Contains many complex models, notably his Samurai Helmet, Horse, and multimodular Triceratops skeleton. Instructions are in Japanese.
  • Jeremy Shafer. Origami to Astonish and Amuse. St. Martin's Press, New York, NY. Copyright 2001 by Jeremy Shafer. ISBN 0-312-25404-0
    A clever cornucopia of whimsical models, such as his Nail Clippers, Surfer on a Wave, Invisible Duck, Running Car, Monolithic Rubblestone boulder plus 84 others.
  • One Thousand Paper Cranes: The Story of Sadako and the Children's Peace Statue by Takayuki Ishii, ISBN 0-440-22843-3
  • Sadako and the Thousand Paper Cranes by Eleanor Coerr, ISBN 0-698-11802-2
  • Origami 1, Robert Harbin, 1969, ISBN 0-340-10902-5
  • Origami 2, Robert Harbin, ISBN 0-340-15384-9
  • Origami 3, Robert Harbin, 1972, ISBN 0-340-16655-X
  • Origami 4, Robert Harbin, 1977, ISBN 0-340-21822-3 (rare)
  • Extreme Origami, Kunihiko Kasahara, 2001, ISBN 0-8069-8853-3
  • Ariomar Ferreira da Silva. Brincando com Origami Arquitetônico: 16 diagrams. Global Editora, São Paulo, Brazil. Copyright 1991 by Ariomar Ferreira da Silva and Leôncio de O. Carvalho. ISBN 85-260-0273-2
  • Masterworks of Paper Folding by Michael LaFosse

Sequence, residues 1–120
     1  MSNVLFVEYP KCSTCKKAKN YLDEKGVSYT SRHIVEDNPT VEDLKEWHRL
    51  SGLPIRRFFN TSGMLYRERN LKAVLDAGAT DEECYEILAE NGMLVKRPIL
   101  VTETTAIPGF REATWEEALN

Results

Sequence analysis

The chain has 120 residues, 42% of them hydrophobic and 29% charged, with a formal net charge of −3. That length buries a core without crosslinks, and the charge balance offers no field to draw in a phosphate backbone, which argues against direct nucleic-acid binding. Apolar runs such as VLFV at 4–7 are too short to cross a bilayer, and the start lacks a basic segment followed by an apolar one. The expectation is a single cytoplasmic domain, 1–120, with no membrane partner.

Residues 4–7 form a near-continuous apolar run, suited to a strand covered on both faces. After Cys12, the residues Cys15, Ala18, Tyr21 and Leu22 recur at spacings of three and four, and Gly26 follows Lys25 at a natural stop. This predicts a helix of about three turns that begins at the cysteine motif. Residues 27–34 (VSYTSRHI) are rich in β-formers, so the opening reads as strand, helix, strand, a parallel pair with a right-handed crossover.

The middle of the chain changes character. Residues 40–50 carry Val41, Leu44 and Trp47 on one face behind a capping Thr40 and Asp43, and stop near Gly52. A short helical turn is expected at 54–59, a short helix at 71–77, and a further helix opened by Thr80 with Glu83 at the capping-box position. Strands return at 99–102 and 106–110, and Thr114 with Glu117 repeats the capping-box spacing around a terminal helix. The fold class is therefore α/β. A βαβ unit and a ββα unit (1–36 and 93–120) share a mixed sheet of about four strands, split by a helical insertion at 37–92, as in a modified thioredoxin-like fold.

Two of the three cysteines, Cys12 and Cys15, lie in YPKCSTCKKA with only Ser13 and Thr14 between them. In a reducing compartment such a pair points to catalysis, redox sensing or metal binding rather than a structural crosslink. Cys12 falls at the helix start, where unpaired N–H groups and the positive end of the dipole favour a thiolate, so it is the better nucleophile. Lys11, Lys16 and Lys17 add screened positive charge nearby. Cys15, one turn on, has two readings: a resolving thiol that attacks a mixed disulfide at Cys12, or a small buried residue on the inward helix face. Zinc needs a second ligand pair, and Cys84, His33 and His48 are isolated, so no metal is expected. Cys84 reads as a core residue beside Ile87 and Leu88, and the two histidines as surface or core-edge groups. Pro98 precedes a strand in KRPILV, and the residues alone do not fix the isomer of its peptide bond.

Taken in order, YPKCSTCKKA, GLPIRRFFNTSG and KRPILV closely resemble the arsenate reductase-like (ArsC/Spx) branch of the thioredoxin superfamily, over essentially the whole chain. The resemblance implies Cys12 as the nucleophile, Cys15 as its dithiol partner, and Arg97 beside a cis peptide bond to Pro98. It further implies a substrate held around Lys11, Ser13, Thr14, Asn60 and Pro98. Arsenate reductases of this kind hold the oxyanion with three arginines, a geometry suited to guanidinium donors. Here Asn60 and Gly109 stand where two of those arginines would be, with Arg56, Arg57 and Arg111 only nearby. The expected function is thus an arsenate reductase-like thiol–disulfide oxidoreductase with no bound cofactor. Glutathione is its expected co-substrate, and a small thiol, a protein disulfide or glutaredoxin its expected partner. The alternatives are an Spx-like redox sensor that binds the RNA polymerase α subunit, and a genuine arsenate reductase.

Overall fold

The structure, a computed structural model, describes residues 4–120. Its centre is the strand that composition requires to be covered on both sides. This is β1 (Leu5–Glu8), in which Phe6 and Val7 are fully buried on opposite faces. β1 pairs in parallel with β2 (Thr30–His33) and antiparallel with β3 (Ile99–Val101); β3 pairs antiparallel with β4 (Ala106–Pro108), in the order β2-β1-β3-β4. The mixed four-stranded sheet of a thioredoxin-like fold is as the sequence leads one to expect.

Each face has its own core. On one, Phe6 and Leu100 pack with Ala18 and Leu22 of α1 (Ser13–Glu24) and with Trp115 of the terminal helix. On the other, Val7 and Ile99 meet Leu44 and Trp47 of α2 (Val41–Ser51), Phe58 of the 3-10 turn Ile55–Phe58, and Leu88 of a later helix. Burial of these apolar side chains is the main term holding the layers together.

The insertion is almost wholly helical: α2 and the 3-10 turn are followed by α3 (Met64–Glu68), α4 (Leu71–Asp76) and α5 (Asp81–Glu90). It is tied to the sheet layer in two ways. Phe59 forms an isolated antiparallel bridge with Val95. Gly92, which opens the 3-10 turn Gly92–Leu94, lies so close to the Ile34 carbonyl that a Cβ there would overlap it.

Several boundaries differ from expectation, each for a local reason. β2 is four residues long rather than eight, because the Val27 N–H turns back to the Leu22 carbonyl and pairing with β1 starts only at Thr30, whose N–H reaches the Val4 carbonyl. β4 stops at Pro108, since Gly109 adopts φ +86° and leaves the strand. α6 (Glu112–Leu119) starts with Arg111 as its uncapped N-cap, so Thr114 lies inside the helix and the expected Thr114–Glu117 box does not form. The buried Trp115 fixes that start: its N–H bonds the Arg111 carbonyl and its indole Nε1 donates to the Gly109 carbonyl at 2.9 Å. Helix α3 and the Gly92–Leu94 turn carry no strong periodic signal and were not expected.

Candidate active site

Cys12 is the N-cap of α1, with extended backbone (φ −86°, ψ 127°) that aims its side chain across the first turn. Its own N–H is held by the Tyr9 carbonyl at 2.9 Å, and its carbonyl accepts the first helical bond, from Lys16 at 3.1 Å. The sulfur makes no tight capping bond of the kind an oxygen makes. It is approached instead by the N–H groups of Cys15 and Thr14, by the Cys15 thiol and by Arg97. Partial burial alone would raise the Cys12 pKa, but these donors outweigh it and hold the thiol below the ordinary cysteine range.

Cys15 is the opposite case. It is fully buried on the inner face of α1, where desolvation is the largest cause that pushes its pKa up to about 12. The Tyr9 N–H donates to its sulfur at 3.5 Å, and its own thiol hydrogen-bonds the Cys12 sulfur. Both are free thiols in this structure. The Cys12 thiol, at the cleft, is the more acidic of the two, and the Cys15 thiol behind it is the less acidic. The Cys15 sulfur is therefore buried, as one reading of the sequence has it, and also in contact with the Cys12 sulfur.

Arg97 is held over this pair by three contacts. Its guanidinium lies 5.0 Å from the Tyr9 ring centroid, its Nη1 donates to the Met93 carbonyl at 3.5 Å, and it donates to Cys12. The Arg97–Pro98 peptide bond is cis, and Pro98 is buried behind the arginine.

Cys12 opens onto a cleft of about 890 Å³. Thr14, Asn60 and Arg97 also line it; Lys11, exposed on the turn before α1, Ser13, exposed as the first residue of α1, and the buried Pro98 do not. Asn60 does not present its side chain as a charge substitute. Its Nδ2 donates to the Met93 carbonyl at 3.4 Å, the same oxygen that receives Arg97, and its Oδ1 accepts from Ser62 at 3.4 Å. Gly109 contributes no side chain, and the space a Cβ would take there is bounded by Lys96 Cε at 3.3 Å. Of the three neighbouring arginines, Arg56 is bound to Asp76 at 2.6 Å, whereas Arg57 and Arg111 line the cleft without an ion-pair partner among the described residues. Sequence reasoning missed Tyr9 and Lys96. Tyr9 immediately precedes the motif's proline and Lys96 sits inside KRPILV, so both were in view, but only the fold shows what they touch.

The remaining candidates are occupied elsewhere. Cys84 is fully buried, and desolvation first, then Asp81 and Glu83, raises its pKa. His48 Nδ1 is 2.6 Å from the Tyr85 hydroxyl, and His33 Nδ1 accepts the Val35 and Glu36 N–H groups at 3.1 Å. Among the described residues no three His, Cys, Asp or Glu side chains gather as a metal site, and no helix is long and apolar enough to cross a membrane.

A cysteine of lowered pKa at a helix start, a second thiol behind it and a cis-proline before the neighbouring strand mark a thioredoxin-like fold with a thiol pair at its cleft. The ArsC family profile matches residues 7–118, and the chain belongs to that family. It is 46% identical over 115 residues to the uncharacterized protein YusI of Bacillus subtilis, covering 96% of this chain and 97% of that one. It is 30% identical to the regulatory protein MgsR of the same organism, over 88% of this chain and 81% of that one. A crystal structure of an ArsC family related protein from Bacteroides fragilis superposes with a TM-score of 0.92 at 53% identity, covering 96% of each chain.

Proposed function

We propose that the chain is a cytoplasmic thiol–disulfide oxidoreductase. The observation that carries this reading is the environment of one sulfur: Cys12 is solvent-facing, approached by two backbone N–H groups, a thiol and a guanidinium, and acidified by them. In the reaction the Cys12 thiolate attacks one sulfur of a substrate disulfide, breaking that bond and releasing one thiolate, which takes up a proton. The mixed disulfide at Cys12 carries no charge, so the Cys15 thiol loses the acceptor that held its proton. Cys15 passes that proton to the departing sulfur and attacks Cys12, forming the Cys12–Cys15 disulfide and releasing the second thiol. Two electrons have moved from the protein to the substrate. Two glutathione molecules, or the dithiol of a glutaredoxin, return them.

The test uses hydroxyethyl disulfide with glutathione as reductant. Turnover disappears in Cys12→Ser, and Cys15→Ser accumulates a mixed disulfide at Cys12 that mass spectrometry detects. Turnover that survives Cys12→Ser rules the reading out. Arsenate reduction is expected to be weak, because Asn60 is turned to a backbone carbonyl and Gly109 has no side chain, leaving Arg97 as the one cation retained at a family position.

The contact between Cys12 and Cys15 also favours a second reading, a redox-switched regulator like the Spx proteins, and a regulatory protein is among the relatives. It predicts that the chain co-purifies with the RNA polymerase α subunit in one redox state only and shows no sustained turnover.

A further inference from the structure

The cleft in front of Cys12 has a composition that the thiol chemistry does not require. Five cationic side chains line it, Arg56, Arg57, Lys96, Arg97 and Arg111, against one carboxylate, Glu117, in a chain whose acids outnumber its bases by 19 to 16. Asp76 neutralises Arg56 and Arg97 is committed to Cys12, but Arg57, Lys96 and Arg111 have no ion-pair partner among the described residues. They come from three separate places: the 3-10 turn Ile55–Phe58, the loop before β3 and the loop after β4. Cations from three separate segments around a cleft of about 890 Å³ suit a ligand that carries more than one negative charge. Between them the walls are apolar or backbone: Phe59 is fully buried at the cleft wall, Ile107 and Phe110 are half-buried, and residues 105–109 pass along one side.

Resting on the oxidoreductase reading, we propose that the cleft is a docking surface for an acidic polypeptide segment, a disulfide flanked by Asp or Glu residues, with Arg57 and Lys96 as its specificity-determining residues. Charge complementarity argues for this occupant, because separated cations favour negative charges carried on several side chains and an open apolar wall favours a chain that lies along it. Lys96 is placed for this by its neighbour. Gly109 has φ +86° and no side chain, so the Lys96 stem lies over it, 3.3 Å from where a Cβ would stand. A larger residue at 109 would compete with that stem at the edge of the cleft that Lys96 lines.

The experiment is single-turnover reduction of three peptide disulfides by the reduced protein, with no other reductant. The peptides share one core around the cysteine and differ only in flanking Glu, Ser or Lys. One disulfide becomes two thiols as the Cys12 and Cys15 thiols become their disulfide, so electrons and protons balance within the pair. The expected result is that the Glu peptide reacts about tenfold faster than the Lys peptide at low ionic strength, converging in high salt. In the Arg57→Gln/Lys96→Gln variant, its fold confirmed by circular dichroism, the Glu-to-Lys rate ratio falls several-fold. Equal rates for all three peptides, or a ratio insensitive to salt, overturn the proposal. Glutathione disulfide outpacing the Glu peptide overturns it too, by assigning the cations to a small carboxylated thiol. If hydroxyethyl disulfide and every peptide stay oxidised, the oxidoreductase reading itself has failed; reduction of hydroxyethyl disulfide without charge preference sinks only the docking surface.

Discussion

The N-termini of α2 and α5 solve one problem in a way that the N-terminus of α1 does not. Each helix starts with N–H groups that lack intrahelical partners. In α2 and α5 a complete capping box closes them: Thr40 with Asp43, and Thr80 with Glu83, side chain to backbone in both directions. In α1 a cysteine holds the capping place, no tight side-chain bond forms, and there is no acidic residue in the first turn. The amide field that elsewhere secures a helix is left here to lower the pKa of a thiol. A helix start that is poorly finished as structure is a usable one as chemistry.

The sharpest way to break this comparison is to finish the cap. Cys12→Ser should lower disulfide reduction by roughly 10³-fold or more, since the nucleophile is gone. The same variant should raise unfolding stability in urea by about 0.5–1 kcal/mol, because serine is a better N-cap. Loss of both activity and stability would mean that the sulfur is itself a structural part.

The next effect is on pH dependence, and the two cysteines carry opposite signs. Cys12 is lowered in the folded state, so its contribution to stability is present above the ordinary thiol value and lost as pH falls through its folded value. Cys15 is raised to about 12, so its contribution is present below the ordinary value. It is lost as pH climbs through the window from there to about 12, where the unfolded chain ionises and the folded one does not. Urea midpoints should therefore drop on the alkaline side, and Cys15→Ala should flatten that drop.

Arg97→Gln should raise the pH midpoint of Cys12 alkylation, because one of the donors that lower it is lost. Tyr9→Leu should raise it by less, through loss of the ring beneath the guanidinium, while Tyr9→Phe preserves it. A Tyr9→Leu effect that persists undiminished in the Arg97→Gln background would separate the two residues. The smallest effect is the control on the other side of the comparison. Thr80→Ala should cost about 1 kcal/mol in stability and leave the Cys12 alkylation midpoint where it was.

• Papercopia: Origami Designs by David Shall, 2008 ISBN 978-0-9796487-0-0. Contains diagrams for 24 original models by the author including Claw Hammer, Daffodil, Candlestick.
  • Nick Robinson (origami). Origami For Dummies. John Wiley, Copyright 2008 by Nick Robinson. ISBN 0470758570. An excellent book for beginners, covering many aspects of origami overlooked by other books.
  • Nick Robinson (origami). Encyclopedia of Origami. Quarto, Copyright 2004 by Nick Robinson. ISBN 1-84448-025-9. An book full of stimulating designs.
  • Linda Wright. Toilet Paper Origami: Delight Your Guests with Fancy Folds and Simple Surface Embellishments. Copyright 2008 by Lindaloo Enterprises, Santa Barbara, CA. ISBN 9780980092318.
  • Miller, Tom. [2006] Origami: The Paper, the People and the Prejudice. Scat House.

External links